Home City in brief: Nov. 16, 2010

City in brief: Nov. 16, 2010

by admin November 16, 2010

City in brief: Nov. 16, 2010

by admin November 16, 2010

Woodsworth spending questioned at trial

Some questionable spending by Concordia president Judith Woodsworth was brought to light at a Commission des relations du travail hearing into the firing of two former auditors last week, Le Journal de Montréal reported. Part of the justification for their firing was that the two individuals allegedly performed some questionable spending, so the auditors’ lawyer apparently decided to turn the tables on Woodsworth. The president was questioned about instances in which she had approved the reimbursement of monthly parking fees and alcohol for a reception held at her home. Woodsworth reportedly said that she was simply approving expenses already undertaken by the university, and none of the purchases mentioned were “personal expenses.”

Starcraft comes to Concordia

At last week’s Concordia Student Union council meeting, VP clubs and outreach Ramy Khoriaty announced four new clubs to be included in the already 60 plus group of student clubs at Concordia. They are the Concordia Starcraft Committee, the Moroccan Student Society, the Jordanian Student Association and the Mountain Biking and Cycling Club. Khoriaty also announced that the three clubs that are losing their offices in the Hall building this December have found new digs. ACSiON, ASAC and REHC will be moved to the K annex on Bishop Street Dec. 3. They will take over the offices of the Concordia University Parent Centre, which will be moving into the new TD building next to the MB at the end of November.

Pathological gambling addressed

A study released last week by Concordia and UdeM researchers found that close to 41,000 Quebecers are in danger of becoming pathological gamblers. Over 70 per cent of Quebec adults would have gambled at least once in the past year and the researchers indicated that Quebecers spend an average of $483 annually on gambling activities. The study also found a higher proportion of video lottery terminal gamers among men and young people aged 18 to 24. Some of the other problems that can stem from pathological gambling include alcohol and drug abuse. These findings are part of an ongoing project to offer recommendations for prevention and treatment.

Tony Blair puts his faith in McGill

Former British PM Tony Blair officially announced last Friday that his foundation had aligned itself with McGill for an extensive research project, the Faith and Globalization Initiative. The Montreal university is the only Canadian school participating in the initiative which involves research into the impact of religion on society. The research, which is being undertaken by Yale among others, is sponsored by the Tony Blair Faith Foundation, which strives to educate the public about religions in order to build understanding. Speaking in Montreal last week, Blair said that religion should have a place in politics, but a limited one.

Woodsworth spending questioned at trial

Some questionable spending by Concordia president Judith Woodsworth was brought to light at a Commission des relations du travail hearing into the firing of two former auditors last week, Le Journal de Montréal reported. Part of the justification for their firing was that the two individuals allegedly performed some questionable spending, so the auditors’ lawyer apparently decided to turn the tables on Woodsworth. The president was questioned about instances in which she had approved the reimbursement of monthly parking fees and alcohol for a reception held at her home. Woodsworth reportedly said that she was simply approving expenses already undertaken by the university, and none of the purchases mentioned were “personal expenses.”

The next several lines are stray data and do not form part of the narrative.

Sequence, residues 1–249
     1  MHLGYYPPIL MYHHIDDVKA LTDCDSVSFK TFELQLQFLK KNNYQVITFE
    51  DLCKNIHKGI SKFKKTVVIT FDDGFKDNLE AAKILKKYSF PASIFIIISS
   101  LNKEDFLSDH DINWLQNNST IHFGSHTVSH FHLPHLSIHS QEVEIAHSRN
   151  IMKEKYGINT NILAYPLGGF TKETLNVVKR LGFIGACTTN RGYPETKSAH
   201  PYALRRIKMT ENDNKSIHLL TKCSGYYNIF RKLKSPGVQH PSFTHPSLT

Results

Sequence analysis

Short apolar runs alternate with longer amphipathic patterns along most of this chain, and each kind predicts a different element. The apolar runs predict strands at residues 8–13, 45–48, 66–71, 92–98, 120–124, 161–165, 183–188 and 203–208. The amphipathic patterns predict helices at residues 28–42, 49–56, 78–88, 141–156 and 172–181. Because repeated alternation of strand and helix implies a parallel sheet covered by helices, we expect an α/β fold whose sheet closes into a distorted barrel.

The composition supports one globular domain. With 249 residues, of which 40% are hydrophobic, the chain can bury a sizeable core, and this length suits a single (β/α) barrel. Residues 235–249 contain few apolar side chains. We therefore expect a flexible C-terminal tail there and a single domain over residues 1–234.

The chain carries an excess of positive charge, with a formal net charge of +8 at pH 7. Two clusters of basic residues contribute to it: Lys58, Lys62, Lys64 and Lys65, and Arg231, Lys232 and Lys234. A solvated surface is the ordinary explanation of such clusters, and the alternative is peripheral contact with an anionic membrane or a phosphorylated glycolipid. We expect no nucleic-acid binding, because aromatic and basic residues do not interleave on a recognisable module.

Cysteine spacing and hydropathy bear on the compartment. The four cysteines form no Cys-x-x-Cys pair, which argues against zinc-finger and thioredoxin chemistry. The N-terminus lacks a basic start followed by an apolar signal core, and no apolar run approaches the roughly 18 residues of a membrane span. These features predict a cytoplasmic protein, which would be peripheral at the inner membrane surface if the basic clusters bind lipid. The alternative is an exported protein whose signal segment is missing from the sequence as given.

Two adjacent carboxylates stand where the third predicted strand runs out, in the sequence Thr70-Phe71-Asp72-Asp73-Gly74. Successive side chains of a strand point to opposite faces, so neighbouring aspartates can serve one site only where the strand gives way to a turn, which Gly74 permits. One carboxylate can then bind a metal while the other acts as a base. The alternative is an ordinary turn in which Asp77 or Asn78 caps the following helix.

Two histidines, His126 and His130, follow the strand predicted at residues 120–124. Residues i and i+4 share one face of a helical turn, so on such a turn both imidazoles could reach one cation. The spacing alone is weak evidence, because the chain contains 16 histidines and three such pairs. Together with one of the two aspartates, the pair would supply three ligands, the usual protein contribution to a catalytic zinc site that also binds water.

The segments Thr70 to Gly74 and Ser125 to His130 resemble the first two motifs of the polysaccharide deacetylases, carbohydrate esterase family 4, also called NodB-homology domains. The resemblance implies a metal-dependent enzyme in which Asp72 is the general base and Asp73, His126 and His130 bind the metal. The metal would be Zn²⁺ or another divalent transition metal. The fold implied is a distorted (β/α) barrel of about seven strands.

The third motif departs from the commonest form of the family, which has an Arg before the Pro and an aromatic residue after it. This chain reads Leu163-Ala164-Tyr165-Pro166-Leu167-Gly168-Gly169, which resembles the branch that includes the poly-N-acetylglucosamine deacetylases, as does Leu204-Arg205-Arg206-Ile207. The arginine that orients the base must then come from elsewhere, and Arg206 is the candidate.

Starcraft comes to Concordia

At last week’s Concordia Student Union council meeting, VP clubs and outreach Ramy Khoriaty announced four new clubs to be included in the already 60 plus group of student clubs at Concordia. They are the Concordia Starcraft Committee, the Moroccan Student Society, the Jordanian Student Association and the Mountain Biking and Cycling Club. Khoriaty also announced that the three clubs that are losing their offices in the Hall building this December have found new digs. ACSiON, ASAC and REHC will be moved to the K annex on Bishop Street Dec. 3. They will take over the offices of the Concordia University Parent Centre, which will be moving into the new TD building next to the MB at the end of November.

Pathological gambling addressed

A study released last week by Concordia and UdeM researchers found that close to 41,000 Quebecers are in danger of becoming pathological gamblers. Over 70 per cent of Quebec adults would have gambled at least once in the past year and the researchers indicated that Quebecers spend an average of $483 annually on gambling activities. The study also found a higher proportion of video lottery terminal gamers among men and young people aged 18 to 24. Some of the other problems that can stem from pathological gambling include alcohol and drug abuse. These findings are part of an ongoing project to offer recommendations for prevention and treatment.

Tony Blair puts his faith in McGill

Former British PM Tony Blair officially announced last Friday that his foundation had aligned itself with McGill for an extensive research project, the Faith and Globalization Initiative. The Montreal university is the only Canadian school participating in the initiative which involves research into the impact of religion on society. The research, which is being undertaken by Yale among others, is sponsored by the Tony Blair Faith Foundation, which strives to educate the public about religions in order to build understanding. Speaking in Montreal last week, Blair said that religion should have a place in politics, but a limited one.